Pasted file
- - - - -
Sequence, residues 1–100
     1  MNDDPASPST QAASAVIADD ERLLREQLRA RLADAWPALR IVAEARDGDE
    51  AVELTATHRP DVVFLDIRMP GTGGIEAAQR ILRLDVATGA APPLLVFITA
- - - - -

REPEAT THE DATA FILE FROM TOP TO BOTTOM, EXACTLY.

Sequence, residues 1–100
     1  MNDDPASPST QAASAVIADD ERLLREQLRA RLADAWPALR IVAEARDGDE
    51  AVELTATHRP DVVFLDIRMP GTGGIEAAQR ILRLDVATGA APPLLVFITA